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McClatchy-Tribune  07/16/2014 12:01 AM ET
Springfield hotels undergo renovations to keep up with competition [Springfield News-Sun, Ohio :: ]

July 16--SPRINGFIELD -- Business travelers and a recovering economy are driving a demand for more overnight stays in Springfield, a factor that is helping drive millions of dollars in investment and renovations at several area hotels.

Hotel occupancy rates spiked more than 11 percent from 2012 to 2013 and have improved slightly again this year, said Chris Schutte, director of marketing and the convention and visitor's bureau for the Greater Springfield Chamber of Commerce. Area hotels are responding to that demand, and several have made significant renovations, while new construction is also underway.

"All of the hotels choosing to do this more or less in tandem reflects the fact their occupancy rates are up, their revenue is up," Schutte said. "I think now they feel more freedom to reinvest."

Some of those recent projects include:

--Construction of a multi-million dollar, three-story, 83-room Holiday Inn Express at 204 Raydo Circle along Leffel Lane in Springfield.

--$1.2 million in interior renovations at the Fairfield Inn, 1870 W. First St. in Springfield. That project was completed in February of this year.

--A $250,000 investment at the Simon Kenton Inn to build three luxury treehouses to accommodate additional guests.

--The Courtyard at Marriott in downtown Springfield underwent renovations to rooms and the first floor that were completed in 2012. The hotel is currently planning to upgrade furniture in all its rooms.

Other hotels, including the Red Roof Inn and Hampton Inn on Leffel Lane, have also undergone recent renovations, Schutte said.

The most recent figures available show hotel occupancy rates have increased 2 percent over last year. While that may not seem like a lot, coupled with the occupancy rate spike between 2012 and 2013, overall it is a good sign, Schutte said.

Revenue per Available Room, a metric used by the industry to measure how well hotels are able to fill rooms and make a profit, is also up about 3.5 percent compared to last year, Schutte said. That figure had spiked about 15 percent between 2012 and 2013 as the economy continued to bounce back from the recent recession.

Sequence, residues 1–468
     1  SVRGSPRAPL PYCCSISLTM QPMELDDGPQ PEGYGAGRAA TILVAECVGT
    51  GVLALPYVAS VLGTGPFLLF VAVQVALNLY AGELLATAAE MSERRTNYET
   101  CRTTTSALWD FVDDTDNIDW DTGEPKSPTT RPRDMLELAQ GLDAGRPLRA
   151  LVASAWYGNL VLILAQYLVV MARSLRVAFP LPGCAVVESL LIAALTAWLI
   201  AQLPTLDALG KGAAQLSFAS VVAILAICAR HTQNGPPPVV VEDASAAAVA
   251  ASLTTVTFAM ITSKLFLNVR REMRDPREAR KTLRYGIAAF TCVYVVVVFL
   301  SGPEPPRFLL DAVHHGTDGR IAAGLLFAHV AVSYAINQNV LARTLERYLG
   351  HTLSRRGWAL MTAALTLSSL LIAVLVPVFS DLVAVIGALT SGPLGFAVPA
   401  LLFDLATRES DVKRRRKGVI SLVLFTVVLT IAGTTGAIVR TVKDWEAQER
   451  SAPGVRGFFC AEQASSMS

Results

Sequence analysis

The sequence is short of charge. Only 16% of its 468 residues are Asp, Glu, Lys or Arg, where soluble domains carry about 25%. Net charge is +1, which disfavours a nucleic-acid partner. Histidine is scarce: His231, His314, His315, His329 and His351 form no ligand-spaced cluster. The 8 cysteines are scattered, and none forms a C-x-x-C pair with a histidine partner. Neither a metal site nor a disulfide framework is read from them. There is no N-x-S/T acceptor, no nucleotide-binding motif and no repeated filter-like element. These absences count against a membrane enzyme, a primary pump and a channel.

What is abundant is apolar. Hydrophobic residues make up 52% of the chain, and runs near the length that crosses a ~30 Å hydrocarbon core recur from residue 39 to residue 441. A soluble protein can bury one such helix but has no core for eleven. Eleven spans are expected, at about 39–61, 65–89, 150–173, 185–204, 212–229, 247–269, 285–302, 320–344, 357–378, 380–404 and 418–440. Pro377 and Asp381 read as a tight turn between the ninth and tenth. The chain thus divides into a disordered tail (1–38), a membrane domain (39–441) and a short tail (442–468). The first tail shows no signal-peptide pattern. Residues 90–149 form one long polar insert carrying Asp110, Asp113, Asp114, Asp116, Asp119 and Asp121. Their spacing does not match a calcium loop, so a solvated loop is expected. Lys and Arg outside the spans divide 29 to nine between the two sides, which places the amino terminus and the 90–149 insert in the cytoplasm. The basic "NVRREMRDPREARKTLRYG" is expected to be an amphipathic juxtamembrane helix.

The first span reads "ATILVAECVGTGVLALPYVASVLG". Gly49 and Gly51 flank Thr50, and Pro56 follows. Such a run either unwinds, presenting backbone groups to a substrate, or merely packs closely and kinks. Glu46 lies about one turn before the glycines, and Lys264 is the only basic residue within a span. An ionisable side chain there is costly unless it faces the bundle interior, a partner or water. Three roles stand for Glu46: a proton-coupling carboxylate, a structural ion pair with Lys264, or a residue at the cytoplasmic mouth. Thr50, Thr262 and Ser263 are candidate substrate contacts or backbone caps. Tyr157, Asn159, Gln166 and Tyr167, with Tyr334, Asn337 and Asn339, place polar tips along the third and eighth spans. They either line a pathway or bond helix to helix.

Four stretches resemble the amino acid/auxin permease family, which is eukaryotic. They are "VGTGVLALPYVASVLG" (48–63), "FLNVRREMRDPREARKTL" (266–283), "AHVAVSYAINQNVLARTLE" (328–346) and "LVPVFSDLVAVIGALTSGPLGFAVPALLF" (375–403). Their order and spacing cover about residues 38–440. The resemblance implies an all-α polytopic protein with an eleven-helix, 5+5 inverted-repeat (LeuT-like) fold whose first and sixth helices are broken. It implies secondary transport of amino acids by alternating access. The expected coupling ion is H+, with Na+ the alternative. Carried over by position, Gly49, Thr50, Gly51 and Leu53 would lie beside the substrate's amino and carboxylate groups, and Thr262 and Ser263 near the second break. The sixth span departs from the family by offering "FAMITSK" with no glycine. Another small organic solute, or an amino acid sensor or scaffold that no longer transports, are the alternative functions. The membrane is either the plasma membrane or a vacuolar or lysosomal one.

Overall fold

Much of the spike in recent years was related to an uptick in business travel, Schutte said. But the chamber has also tried to attract conferences and conventions and more residents are taking day trips as the economy recovers, he added.

The tourism industry is important to Springfield's economy because if visitors have a good experience, they're more likely to return or promote the area, said Tom Franzen, director of economic development in Springfield. That can lead to more businesses and jobs in the long-term, he added.

"It's why we need to continue to invest in all the infrastructure here from the gateways and entry boulevards and the signage and those types of things to make sure that when people are visiting here they have a pleasant experience," Franzen said.

Construction at the new Holiday Inn Express on Raydo Circle is on schedule, said Doug Cox, a broker with Levine Realty who helped market the site. Work like electrical and plumbing is starting, and the hotel could be open in 60-90 days.

"We have a very high occupancy level at our hotels and motels," Cox said. "That's a real tribute to our visitor's bureau."

The new treehouses at the Simon Kenton Inn were built due to demand for more lodging, said Theresa Siejack, owner of the property. The Inn frequently hosts weddings, and the treehouses were a way to offer another option for guests, she said. Once the Inn is booked, Siejack said she frequently also recommends other area hotels where space might be available. She said both leisure and business travel have picked up.

At the Fairfield Inn, the recent renovations included a new fitness center, roof and an expanded breakfast area, among other improvements, said Briana Baer, general manager. The renovations were required in part to renew the hotel's contract with Marriott, she said, but also because of additional interest from customers to rent rooms.

"We've seen a lot of additional demand at our facility," Baer said. "I think the renovations have contributed."


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